Doctors are using virtual reality to control other types of pain. Pain Consultants of East Tennessee uses Cool, an environment designed by VR specialist Firsthand, to provide an alternative to opioid drugs – which can be highly addictive – for chronic pain sufferers. The software was recently demonstrated to audiences at the National Theatre production of Ugly Lies the Bone, a play which looks at how VR is used in treating soldiers experiencing post-traumatic stress disorder – one the earliest ways in which the technology was used in healthcare. 

Dr Ted Jones, a clinical psychologist at Pain Consultants, says VR provides very good pain relief to about 95% of patients, although the effect usually wears off soon after the patient removes the headset. However, “it works well and it’s easy – all you’ve got to do is put something on your head and play with penguins”.

Dr James Choo, Pain Consultants’ medical director, adds that VR provides a useful alternative to drugs for short-lasting pain relating to flare-ups: “It’s an extra tool in the toolbox,” he says. It can also be useful for specific medical procedures where drugs are already being used and a further one could lead to over-medication. There is also potential for VR to be used in other areas, such as to train injured patients in how to move.

But Jones says there is a shortage of programmers with specialist knowledge: “Developers are generally not aware of healthcare issues,” he says. “We somehow need to link the healthcare world to the developer world.” There are specific problems in US healthcare in that most insurers do not cover VR treatment.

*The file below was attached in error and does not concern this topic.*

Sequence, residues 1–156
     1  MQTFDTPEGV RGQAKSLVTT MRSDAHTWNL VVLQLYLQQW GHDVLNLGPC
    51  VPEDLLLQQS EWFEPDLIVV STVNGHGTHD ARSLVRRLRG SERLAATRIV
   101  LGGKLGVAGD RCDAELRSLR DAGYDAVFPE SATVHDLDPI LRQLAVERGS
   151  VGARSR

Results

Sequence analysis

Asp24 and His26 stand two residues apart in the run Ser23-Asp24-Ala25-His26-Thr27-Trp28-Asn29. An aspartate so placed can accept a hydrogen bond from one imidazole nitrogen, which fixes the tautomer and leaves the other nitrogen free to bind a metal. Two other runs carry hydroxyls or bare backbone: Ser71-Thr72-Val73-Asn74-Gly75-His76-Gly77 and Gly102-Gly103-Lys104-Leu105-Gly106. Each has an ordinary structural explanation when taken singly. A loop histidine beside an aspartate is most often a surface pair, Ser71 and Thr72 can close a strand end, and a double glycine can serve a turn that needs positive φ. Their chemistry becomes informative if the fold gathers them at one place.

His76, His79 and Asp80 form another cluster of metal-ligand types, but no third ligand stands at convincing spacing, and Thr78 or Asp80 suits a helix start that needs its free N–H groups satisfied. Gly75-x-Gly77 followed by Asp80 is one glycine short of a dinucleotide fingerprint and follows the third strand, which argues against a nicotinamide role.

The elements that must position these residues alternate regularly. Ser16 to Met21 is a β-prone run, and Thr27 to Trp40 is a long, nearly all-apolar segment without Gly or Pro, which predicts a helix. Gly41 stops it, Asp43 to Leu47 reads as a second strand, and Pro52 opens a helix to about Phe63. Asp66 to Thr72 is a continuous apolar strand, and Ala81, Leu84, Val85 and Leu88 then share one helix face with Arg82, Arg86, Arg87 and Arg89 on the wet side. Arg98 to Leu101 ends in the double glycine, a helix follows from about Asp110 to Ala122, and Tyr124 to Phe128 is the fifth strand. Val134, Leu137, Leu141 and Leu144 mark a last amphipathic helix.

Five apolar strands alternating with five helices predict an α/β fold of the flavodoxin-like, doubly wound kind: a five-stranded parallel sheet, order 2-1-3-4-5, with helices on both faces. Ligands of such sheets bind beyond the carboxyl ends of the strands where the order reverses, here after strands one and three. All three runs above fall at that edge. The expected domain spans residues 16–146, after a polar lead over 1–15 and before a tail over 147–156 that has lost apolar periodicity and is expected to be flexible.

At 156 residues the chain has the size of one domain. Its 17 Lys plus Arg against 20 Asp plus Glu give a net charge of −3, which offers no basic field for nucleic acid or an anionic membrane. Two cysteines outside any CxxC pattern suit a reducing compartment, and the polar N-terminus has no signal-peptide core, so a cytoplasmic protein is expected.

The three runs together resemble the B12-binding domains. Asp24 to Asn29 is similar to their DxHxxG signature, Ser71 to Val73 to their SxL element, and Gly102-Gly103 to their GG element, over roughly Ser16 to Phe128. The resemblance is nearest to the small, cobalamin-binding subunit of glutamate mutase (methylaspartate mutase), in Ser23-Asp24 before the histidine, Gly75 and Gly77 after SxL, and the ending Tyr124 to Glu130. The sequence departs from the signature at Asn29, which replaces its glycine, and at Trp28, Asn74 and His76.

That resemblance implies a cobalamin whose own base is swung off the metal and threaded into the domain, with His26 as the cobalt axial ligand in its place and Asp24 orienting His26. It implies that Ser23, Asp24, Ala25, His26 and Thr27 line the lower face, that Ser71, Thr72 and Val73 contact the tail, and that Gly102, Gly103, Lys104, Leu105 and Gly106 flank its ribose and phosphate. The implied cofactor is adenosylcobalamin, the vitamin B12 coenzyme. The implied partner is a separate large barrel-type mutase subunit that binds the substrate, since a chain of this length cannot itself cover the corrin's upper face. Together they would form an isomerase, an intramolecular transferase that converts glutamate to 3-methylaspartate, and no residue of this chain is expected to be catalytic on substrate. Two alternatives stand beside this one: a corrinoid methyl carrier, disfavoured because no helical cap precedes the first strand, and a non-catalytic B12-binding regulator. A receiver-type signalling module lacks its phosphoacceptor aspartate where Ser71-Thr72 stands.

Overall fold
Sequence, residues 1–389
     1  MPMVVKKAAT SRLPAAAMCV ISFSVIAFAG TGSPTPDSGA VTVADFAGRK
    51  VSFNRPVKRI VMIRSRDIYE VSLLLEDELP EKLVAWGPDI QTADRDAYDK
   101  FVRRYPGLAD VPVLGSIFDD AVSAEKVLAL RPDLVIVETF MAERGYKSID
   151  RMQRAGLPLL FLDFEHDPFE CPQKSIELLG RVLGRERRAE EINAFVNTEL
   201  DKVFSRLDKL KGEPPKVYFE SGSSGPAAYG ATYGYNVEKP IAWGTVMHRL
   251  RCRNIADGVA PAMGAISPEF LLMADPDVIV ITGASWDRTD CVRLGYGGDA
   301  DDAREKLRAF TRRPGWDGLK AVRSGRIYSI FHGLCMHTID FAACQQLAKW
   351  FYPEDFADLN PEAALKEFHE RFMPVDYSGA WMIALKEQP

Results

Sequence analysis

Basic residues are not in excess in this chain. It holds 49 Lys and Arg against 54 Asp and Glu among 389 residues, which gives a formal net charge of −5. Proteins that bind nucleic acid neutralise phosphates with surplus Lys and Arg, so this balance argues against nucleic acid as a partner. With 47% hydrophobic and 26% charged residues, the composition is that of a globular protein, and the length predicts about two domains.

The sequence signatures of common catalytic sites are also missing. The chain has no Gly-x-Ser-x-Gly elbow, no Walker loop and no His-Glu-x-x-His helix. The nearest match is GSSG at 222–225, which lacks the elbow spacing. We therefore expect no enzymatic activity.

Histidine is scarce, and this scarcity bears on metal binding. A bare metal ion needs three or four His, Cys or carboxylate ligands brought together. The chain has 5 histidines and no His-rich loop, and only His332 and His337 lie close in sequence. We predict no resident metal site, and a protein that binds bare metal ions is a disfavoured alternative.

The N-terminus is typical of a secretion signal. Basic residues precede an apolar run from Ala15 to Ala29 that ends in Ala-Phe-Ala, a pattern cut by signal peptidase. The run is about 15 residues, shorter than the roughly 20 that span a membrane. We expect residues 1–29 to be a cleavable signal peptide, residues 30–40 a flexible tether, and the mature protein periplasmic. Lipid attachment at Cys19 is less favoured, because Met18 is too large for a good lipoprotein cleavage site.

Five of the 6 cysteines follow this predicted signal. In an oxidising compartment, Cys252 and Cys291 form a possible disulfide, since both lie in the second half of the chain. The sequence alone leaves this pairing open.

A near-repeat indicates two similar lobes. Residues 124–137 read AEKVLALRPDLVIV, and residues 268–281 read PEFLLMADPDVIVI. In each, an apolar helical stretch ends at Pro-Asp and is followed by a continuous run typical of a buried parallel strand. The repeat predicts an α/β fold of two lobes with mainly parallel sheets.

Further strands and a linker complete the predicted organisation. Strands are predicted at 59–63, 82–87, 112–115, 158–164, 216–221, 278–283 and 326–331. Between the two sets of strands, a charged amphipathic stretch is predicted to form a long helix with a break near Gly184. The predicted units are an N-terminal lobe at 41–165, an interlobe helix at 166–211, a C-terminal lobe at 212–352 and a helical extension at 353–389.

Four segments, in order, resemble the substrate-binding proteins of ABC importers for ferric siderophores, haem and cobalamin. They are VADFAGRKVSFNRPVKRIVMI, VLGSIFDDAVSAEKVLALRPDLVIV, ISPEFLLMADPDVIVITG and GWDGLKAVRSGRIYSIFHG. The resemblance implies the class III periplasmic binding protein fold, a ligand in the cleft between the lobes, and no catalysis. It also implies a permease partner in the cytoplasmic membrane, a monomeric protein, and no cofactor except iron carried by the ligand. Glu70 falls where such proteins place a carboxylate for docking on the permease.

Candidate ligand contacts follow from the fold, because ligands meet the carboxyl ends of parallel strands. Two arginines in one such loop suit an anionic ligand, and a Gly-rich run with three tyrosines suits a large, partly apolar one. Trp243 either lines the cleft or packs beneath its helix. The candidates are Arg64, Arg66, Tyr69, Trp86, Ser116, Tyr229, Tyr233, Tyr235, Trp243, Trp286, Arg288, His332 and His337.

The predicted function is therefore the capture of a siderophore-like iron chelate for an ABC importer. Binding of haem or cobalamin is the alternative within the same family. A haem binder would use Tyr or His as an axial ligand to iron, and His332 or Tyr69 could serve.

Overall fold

Aside from mental health and pain management, VR can also help prepare both patients and practitioners for procedures. King’s College Hospital NHS Foundation Trust has created an app for children about to undergo their first MRI scan, which when used with a headset allows them to preview the whole experience through VR from arriving at reception to the scan, noises included. 

Meanwhile, Alder Hey Children’s NHS Foundation Trust has used VR to help surgeons better understand the results of MRI scans, by using them to build a virtual model of a child’s heart. This helped surgeons plan a successful operation carried out in August 2016, after the trust’s clinical innovation director Iain Hennessey saw a presentation on VR work involving Bentley Motors and University of Liverpool’s virtual engineering centre.

“What they really liked was being able to resize the heart,” says the centre’s commercial director Lynn Dwyer, along with the ability to see inside it. “From the surgeon’s point of view, it helped their understanding.” The university has a small innovation centre at Alder Hey, and there has been interest from other surgeons. Dwyer says the technique could also be used for training and teaching.